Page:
The small number of voting-machine manufacturers underscores one of the more ambivalent aspects in our system: the lack of uniformity of voting systems across the nation. As the NAS report states, the United States is almost alone among nations in having “no centralized, nationwide election authority”; instead, regulations differ state by state and implementations vary county by county. On the one hand, this is surely one of the biggest challenges to overcome in the quest to improve electoral infrastructure. However, it makes the threat of mass hacking somewhat harder to execute, since individual precincts have different combinations of vendors, machines, and configurations. Hacking such systems, which requires local presence and specific knowledge, is not easy to do at scale. In the past, election officers have cited this as a reason to have confidence in voting in the United States, saying that our “decentralized, low-connectivity electoral process is inherently designed to withstand such threats.” But if the great majority of American voting machines are produced by just three centralized companies, much of the protective shield of decentralization evaporates.
While systematic mass hacking is difficult to pull off, the Electoral College system and the winner-takes-all structure of our elections mean that it would be possible to hack or disrupt a small number of electorally critical states — and thereby potentially change the outcome of a presidential election. For example, Florida and Pennsylvania have large numbers of Electoral College votes (29 and 20, respectively) and a history of close elections. Both states also use electronic voting machines (and in both states some precincts use machines that are not equipped with VVPATs). In the 2016 election, Pennsylvania was decided by 44,292 votes out of more than six million cast, a negligible difference indistinguishable from preelection polling or exit polls. Think about it: if an election came down to Pennsylvania, with a negligible difference between winner and loser, any allegation of cyber fraud could trigger enormous chaos. Furthermore, there would be no realistic way of settling the claim, as it would not be possible to conduct audits in some districts of the state. (It may be possible to demonstrate fraud or cyber-hacking, but it is nearly impossible to prove its absence without paper trails, audits, and similar mechanisms. Claims of cyber intrusion are also difficult to prove, as digital fingerprints can easily be erased without leaving a trace.)
Read more stories like this in the Carnegie Reporter
Paper vs. Digital
The potential hacking of voting machines receives a lot of attention, as it should, but the process of voting has many other moving parts in the United States. With the exception of North Dakota, voters must register to vote proactively (several states do now offer same-day registration on election day). The fact is that voter information is held by states with varying degrees of security, meaning that security at the polling place — the integrity and accuracy of registration lists and pollbooks used to verify voter eligibility — takes on added importance.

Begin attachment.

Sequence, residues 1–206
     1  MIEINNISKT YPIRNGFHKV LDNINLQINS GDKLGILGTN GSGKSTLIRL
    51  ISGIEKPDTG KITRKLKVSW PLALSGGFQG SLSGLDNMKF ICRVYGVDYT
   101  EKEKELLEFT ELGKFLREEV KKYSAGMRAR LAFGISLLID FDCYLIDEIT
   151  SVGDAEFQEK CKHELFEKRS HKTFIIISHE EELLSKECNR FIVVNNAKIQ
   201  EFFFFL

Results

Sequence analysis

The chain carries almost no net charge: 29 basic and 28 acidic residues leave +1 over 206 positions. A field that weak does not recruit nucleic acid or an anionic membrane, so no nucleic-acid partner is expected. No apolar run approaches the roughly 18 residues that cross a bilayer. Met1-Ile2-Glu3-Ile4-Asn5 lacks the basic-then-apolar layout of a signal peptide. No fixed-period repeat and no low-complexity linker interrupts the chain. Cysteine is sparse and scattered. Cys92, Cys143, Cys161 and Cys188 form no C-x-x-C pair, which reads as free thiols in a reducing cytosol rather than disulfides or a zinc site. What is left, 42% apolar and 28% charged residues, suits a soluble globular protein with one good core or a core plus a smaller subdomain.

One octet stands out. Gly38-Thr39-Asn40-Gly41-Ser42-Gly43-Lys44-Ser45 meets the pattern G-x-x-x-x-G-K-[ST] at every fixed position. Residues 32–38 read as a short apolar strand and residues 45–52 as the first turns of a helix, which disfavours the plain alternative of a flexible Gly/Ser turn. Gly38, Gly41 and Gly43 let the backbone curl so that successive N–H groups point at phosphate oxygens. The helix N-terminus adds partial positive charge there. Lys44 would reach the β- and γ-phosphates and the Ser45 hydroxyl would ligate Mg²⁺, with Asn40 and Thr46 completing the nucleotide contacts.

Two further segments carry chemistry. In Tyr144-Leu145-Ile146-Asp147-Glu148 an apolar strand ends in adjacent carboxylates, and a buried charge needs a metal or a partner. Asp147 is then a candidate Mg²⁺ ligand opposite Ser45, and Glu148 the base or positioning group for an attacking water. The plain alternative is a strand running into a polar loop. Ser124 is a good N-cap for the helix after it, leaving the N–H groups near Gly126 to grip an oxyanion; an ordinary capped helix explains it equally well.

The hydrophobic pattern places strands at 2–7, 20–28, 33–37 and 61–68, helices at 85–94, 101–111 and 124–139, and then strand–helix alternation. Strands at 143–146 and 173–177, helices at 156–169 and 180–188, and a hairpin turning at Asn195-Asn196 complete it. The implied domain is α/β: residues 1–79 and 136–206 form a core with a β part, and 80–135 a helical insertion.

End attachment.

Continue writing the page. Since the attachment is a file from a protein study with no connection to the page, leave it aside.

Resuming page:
Voter registration rolls and pollbooks exhibit a tension between their paper and electronic forms: paper is safer and harder to hack, while electronic records are dynamic but less secure. Paper can cause inconveniences that discourage voter participation. Right now, a voter can arrive at a polling station only to be turned away due to an outdated paper pollbook. But even if she’s allowed to cast a provisional ballot, the process can involve long lines and plenty of frustration. Such scenarios suggest that using electronic pollbooks, which are already employed in a number of states, should be a positive step toward making voting easier through technology.
Unfortunately, electronic pollbooks are not standardized, nor are the security protocols meant to safeguard them. The integrity of pollbooks falls squarely under the jurisdiction of each state. Ideally, the EAC and DHS would create standardized systems and recommendations for these databases to ensure their security. But the current system is far from ideal. Many jurisdictions use a mix of electronic and paper pollbooks, and some states provide little or even no guidance at all on how e-pollbooks should be kept or secured.
The threat isn’t limited to deliberate and advanced hacking. In some cases, disrupting and sowing confusion is enough to significantly undermine the integrity of elections and erode our trust in the process.
The NAS report lists several incidents of breaches of voter registration lists held by states: in Illinois, Russian actors penetrated an online voter database; in California, hackers gained access to personal information of a large number of voters; and in Georgia, a server error exposed 6.5 million voter records. The fact remains that states seem unable to secure data in spite of the best intentions.